Wed | Apr 8, 2020

Liars test SLB

Published:Monday | February 26, 2018 | 12:00 AMJodi-Ann Gilpin/Gleaner Writer
Monica Brown, executive director of the Students' Loan Bureau.

Despite extending great effort to arrive at the best repayment plans to meet the needs of customers, Monica Brown, executive director at the Students' Loan Bureau (SLB), said the organisation is being severely challenged by borrowers who lie, give fake addresses, and believe that they are entitled.

Addressing a number of concerns that continue to emerge following news of the agency's plan to name and shame chronic delinquent borrowers on March 4, Brown told The Gleaner that it was crucial that students see the need to do their part.

"If they are unemployed and they come in and advise us, we put that on the system, so the names of those persons usually are not published. However, a number of them will tell you that they are unemployed, and if you check TAJ (Tax Administration of Jamaica) database, they are, in fact, employed, so that is a big challenge," she explained.

"They hide also, so even when you send the correspondence to the address that you have on the system, there is no response, so the mail invariably doesn't reach them," she continued.

The executive director also highlighted another huge challenge.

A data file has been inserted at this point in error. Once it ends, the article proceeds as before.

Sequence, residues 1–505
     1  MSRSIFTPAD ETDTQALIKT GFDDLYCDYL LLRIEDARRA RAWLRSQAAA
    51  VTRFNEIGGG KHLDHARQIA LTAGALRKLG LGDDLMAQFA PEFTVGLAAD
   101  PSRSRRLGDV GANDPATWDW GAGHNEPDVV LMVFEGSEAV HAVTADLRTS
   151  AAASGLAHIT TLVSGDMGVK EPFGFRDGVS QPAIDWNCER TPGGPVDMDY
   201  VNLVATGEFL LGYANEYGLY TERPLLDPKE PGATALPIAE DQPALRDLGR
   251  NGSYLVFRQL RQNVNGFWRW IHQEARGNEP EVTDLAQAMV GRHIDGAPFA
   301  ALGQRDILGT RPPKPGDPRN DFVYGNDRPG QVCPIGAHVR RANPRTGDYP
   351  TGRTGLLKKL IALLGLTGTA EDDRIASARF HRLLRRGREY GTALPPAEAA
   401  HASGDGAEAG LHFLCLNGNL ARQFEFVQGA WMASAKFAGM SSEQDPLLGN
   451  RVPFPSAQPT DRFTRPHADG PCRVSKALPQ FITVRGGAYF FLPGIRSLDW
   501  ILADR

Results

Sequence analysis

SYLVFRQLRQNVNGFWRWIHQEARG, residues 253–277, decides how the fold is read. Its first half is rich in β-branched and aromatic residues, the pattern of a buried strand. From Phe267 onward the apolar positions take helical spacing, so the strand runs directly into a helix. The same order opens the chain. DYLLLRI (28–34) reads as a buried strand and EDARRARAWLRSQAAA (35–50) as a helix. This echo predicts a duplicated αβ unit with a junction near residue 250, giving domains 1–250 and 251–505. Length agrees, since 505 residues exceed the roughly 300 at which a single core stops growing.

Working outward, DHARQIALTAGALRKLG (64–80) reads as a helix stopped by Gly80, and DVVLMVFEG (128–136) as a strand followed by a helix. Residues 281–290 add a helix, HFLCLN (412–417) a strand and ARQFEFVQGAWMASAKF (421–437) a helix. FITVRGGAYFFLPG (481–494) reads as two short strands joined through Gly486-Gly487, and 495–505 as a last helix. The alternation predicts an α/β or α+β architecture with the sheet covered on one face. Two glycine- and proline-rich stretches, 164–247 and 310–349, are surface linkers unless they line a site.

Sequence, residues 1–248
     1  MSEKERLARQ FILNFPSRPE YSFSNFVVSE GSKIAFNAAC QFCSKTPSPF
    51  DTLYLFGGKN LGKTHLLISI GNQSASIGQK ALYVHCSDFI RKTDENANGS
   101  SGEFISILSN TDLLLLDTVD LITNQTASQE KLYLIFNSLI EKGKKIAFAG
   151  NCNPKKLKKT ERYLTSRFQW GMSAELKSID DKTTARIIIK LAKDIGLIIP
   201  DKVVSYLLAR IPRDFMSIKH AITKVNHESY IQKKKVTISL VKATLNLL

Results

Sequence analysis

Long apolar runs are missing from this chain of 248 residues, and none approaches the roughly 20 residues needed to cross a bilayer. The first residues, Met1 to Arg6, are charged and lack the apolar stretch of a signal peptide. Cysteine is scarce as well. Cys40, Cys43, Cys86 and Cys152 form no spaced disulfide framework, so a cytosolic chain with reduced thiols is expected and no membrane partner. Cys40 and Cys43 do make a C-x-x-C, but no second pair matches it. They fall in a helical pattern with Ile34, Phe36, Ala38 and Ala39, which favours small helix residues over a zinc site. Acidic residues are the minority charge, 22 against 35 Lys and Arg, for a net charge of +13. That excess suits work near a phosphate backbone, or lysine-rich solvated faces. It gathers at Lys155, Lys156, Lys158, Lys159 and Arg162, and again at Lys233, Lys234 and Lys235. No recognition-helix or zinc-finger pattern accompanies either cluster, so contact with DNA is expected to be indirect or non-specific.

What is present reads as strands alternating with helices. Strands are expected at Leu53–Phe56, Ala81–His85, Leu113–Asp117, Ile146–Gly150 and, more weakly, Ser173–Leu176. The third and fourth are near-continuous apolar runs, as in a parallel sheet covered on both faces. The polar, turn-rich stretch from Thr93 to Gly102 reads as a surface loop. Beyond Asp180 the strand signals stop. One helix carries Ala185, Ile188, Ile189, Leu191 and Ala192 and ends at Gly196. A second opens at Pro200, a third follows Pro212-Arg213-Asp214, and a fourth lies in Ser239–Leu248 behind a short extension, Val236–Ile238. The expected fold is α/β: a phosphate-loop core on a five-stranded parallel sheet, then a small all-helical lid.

"We have a culture of entitlement, which we have had to deal with over the years. There are some segments of our borrowing population who think that it is Government's money, and they are entitled to it, and there is no need to pay it back. It means, therefore, that we have to employ debt collectors, attorneys, and so on, to get those persons to try to recover."

She noted, though, that the SLB sees tangible results whenever it opts to publish the names of delinquents.

"When we look at the collection, round about the period when we publish or even from those teaser ads start, a number of persons do respond. If you come to the office, you will see huge crowds. Even today (Friday) was crazy. So we see persons responding."

Brown urged borrowers to be responsible, underscoring the point that the bureau tries to be understanding once it sees evidence that students are having challenges.

"Some customers think we are harsh. I think SLB is very lenient. I was speaking to one of the officers, and he was saying that a gentleman who came in today (Friday), his loan went into repayment from 2007, and he has not paid one dollar," she said.

"We are trying to get the salary deduction in place, so once we get that done, we expect to see more consistency."